Summary: The church is growing by leaps and bounds in Africa. At the same time, it is dying here. How can we change the trend? Sermon for Pentecost 2, Proper 6, Series B.
2nd Sunday after Pentecost (Pr. 6) June 18,2006 “Series B”
Grace be unto you and peace, from God our Father and from our Lord, Jesus Christ. Amen.
Let us pray: Dear Heavenly Father, we give you thanks for the redeeming grace we have received through your Son’s death and resurrection. By the power of your Holy Spirit, strengthen our faith, move us to deeper joy and appreciation for your gift of salvation, and empower us for witness. Use us, O God, to plant the seeds of your kingdom, that Christ’s church might continue to grow and flourish in our land. This we ask, in Jesus’ holy name. Amen.
At our Synod Assembly, Dutch, Rosanne and I were confronted with a rather stark contrast in reports about the future of Christ’s church.
First, let me share with you the good news. We were privileged to have the Rt. Rev. Benson Bagonza, Bishop of the Karagwe Diocese of the Evangelical Lutheran Church in Tanzania, our sister synod in Africa, as our guest and keynote speaker. Bishop Bagonza shared with us the tremendous growth that is taking place in the Lutheran church in his synod. Every year, several new congregations are chartered, and nearly two thousand persons are baptized, many as adults.
And this growth in the church is happening, in spite of many obstacles! Persons infected with AIDS and the HIV virus in Karagwe is staggering. In fact, Bishop Bagonza reported that close to 80 percent of the people infected by the HIV virus don’t even know that they are infected, which has caused him to mandate that they cannot celebrate a marriage without insisting on a blood test. Malaria is also reaching epidemic stages.
In addition, Karagwe is an impoverished region of Tanzania. There are few paved roads. Educational opportunities, especially for women, are bleak. Buildings must be built by manual labor, including the moving of materials, because they have no machines to it. Many of the children suffer from malnutrition, to the point where those affected with Malaria, often die because their bodies do not have the strength to cope with the medications needed to cure them.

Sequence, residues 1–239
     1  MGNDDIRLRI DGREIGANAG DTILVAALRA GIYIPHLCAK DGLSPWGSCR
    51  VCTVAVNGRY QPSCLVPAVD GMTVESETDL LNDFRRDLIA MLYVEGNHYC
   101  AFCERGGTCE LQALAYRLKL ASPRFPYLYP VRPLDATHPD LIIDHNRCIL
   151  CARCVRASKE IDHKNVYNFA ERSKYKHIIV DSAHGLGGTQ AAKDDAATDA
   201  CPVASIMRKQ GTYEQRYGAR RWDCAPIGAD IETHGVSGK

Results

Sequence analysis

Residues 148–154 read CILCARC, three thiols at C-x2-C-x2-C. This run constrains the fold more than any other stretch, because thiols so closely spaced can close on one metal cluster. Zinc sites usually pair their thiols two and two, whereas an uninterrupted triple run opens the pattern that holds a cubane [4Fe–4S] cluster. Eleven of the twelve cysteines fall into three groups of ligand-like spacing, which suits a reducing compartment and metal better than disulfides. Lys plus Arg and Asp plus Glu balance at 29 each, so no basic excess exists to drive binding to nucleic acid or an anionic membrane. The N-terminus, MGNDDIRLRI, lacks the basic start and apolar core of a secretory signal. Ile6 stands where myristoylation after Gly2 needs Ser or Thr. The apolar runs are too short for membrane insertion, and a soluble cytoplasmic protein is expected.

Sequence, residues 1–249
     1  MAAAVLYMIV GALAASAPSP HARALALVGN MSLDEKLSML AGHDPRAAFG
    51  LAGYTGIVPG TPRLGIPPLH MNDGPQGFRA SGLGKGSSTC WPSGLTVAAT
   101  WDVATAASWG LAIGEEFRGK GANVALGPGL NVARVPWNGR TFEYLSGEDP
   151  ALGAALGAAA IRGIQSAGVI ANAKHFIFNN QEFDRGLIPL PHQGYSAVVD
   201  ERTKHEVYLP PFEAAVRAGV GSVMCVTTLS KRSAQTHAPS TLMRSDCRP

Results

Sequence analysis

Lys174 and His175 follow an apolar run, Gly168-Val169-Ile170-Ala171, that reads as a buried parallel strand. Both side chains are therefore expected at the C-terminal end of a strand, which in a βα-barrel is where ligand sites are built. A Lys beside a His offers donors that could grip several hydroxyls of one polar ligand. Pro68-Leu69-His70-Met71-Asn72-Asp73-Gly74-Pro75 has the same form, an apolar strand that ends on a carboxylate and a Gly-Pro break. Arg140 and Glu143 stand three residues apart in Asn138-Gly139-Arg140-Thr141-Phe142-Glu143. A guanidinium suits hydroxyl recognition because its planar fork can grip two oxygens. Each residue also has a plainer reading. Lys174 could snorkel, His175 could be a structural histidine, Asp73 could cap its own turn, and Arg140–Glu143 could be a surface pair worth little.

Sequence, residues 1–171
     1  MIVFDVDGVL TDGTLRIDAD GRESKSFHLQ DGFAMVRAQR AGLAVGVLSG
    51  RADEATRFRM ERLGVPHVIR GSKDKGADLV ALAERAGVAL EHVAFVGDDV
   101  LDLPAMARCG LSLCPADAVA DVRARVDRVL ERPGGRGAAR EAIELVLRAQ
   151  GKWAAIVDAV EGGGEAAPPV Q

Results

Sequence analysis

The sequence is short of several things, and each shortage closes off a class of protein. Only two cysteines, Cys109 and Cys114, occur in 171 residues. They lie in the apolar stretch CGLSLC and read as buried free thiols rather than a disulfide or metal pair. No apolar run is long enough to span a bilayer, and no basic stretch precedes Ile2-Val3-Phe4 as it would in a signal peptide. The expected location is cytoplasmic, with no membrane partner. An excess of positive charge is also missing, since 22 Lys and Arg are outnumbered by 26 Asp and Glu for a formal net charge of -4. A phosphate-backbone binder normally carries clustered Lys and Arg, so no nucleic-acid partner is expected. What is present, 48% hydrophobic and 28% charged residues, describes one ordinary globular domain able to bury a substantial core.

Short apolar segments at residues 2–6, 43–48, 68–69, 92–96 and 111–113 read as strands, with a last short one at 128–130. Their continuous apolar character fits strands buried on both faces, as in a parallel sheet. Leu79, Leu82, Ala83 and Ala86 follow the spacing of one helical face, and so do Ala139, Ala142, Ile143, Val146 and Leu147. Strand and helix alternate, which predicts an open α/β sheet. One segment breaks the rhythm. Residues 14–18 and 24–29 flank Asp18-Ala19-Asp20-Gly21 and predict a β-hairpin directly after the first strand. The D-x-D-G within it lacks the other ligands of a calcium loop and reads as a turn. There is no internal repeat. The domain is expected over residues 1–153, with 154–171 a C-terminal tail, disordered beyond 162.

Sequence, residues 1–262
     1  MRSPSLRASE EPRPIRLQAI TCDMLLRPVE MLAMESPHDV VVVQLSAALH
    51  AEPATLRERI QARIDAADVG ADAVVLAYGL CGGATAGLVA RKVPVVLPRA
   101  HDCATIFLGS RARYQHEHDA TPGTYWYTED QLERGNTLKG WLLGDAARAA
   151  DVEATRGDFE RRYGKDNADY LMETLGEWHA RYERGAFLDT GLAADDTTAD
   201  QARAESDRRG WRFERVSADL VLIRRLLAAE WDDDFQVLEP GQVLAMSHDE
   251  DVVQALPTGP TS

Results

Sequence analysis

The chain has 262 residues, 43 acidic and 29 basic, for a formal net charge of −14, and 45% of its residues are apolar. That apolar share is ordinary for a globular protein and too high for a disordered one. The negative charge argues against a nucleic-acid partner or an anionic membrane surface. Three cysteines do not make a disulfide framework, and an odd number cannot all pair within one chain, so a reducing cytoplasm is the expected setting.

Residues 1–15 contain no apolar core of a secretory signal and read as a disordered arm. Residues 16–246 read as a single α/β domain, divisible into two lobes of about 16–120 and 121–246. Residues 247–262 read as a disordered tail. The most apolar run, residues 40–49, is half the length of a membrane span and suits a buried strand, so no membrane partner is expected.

And yet the church is growing! It is growing at such a rate that one pastor has to serve eight congregations, some of them having over four thousand members. This requires that lay persons be trained to preach and conduct worship, while the pastor travels between the various congregations by bicycle or, if he or she has been ordained for over five years, they may be afforded a motor bike, simply to conduct baptisms, confirmations, funerals and weddings.
It is an amazing story that Bishop Bagonza shared with us about the growth of Christ’s church in his synod. But his story wasn’t just about the number of persons joining the church that impressed me. The Lutheran Church in Karagwe was also confronting and actively engaged in uplifting the social fabric of their society. As an example, through the aid of our synod, they have constructed a school for girls, which will soon be opened to improve the educational standards of women.
Now for the contrast. Our own Bishop had quite a different story to share with us at the Assembly. In fact, you know that adage, “What goes around, comes around.” I’m sure you know how I have often used conversations with Josie, Pastor Blair or other friends as sermon illustrations. Well, imagine my surprise, that when we were at the festive worship service of ordination Friday evening, our bishop used me as one of his sermon illustrations.
I had gone to talk with him several weeks ago, to seek his advice about securing the future of our congregation in light of the fact that our membership is below that which can realistically afford a full time pastor. During our meeting, he shared some rather bleak statistics. According to projections, in six to ten years, due to the rising costs of health care and other factors, out of the ninety-eight congregations in our synod, only fourteen will be able to support a full-time pastor.
A week or so later, I called the bishop to share with him that our meeting left me feeling rather depressed. And guess what? Our meeting and my phone call made it into his sermon as an illustration. More than being surprised, since I had no clue that our conversation would be one of the focal points of his sermon, I was also challenged by what he had to say. I was challenged, as should each and every one of us, to keep faith, to hope, to pray, and to work to do what we can to uplift the grace of God in our community.
Since I was not able to be at the Assembly Saturday morning, Rosanne reported to me that our bishop frankly discussed the situation facing our synod. Rosanne told me that it left her in tears – tears shed for the many congregations, many that have been in existence for over a hundred years, that our bishop has, or will be called upon to close, because they no longer have enough worshiping on Sunday mornings to even sustain or maintain their property.